A longtime philanthropist, Brinkerhoff set out to find a cause to get behind. On a tour bus in Hawaii, she met an FBI agent whose work was centered around child pornography. “He shared with me how prevalent it is and that it goes hand-in-hand with child trafficking,” she says. “I was gut-wrenched.” A few months later, on another bus (this time a rental car shuttle at the L.A. airport), Brinkerhoff was sitting next to a man looking at his phone. She glanced over his shoulder and saw an image of child pornography on the screen. “He quickly swiped it away,” she says. “I realized this issue was knocking at my door.” Brinkerhoff didn’t adopt the cause lightly. To understand the issue more fully, she got involved in undercover work, coordinating with foreign law enforcement to find kids who were being trafficked.
Brinkerhoff established Valkyrie Gives, the race team’s nonprofit arm, with a goal of raising $1 million to aid women and children at risk with a focus on ending child trafficking. To get people’s attention, the Project 356 World Rally Tour was conceived. It kicked off with the 2017 La Carrera Panamericana. In 2018, Brinkerhoff raced Australia’s Targa Tasmania. Next, she entered the Caminos del Inca in Peru, the 9,000-mile intercontinental Peking to Paris rally and the East African Safari rally. The only continent left on the list was Antarctica. But with no sanctioned race on the continent, Brinkerhoff created her own challenge: drive 356 miles on blue ice and snow toward the South Pole.
The East African Safari Classic was a nine-day race over rough terrain. AFRICA AND PERU PHOTOS COURTESY OF VALKYRIE RACING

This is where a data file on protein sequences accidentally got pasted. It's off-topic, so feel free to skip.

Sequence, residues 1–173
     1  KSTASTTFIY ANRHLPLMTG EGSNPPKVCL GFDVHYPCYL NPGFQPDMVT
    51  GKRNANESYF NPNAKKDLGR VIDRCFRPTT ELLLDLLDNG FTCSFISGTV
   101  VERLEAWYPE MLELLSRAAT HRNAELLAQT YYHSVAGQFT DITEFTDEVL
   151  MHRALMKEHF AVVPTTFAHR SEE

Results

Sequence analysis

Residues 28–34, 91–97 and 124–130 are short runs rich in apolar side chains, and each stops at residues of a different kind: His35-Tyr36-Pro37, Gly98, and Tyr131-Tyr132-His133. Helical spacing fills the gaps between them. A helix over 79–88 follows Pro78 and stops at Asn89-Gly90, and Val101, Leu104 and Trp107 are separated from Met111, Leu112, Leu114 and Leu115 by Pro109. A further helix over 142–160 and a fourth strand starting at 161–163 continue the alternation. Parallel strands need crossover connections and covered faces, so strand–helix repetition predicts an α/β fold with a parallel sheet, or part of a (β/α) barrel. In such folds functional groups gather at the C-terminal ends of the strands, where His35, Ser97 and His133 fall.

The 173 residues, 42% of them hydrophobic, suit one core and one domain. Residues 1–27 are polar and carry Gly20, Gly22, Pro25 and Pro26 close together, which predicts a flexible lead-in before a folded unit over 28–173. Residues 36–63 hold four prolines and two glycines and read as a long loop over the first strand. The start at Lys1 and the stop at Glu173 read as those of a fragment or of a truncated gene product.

She enlisted Jason De Carteret as expedition leader and navigator and Kieron Bradley as design engineer, two polar explorers who set the world record for fastest overland journey to the South Pole in a motorized vehicle. Over 18 months, Bradley, a senior chassis design engineer for British carmaker Lotus, re-engineered the Valkyrie Porsche for gliding across ice and snow—and to make it carbon positive. “He’s an engineering genius,” Brinkerhoff says. Bradley designed specialized crevasse bars, a ski-and-track system in place of wheels so the car wouldn’t submarine in the snow and a framework of modern metal alloys underneath to attach the ski-and-track system.
“THE CONSISTENT COLD, DAY AFTER DAY, WAS LIKE A GREMLIN—IT FOUND ALL THE WEAKNESSES IN THE CAR.” –RENÉE BRINKERHOFF, VALKYRIE RACING FOUNDER AND DRIVER
Even with careful retrofitting, the Porsche struggled in the conditions. “The consistent cold, day after day, was like a gremlin—it found all the weaknesses in the car,” Brinkerhoff says. The carburetor iced up; bolts sheared off; the throttle cable iced over. The team used a Garmin GPS to navigate in total whiteout conditions. “In some places, they tell you not to deviate more than five yards from the track because there are crevasse fields on either side,” she says.
Prior to the polar expedition, Brinkerhoff reached out to Bob Parsons, founder of Parsons Xtreme Golf (pxg.com) to share her world record attempt and the humanitarian goal behind it. “Within five minutes, he was on board,” she says. PXG sponsored the expedition, and Parsons made a generous donation to Brinkerhoff’s campaign.
As of today, Valkyrie Gives has raised $820,000 toward its million-dollar goal to fight child trafficking. Brinkerhoff’s Porsche 356 is currently on a world tour, making appearances at automobile museums and vintage car shows from Paris to Dubai to L.A. “It’s a rock star right now,” she says. “People love the story of this little car.”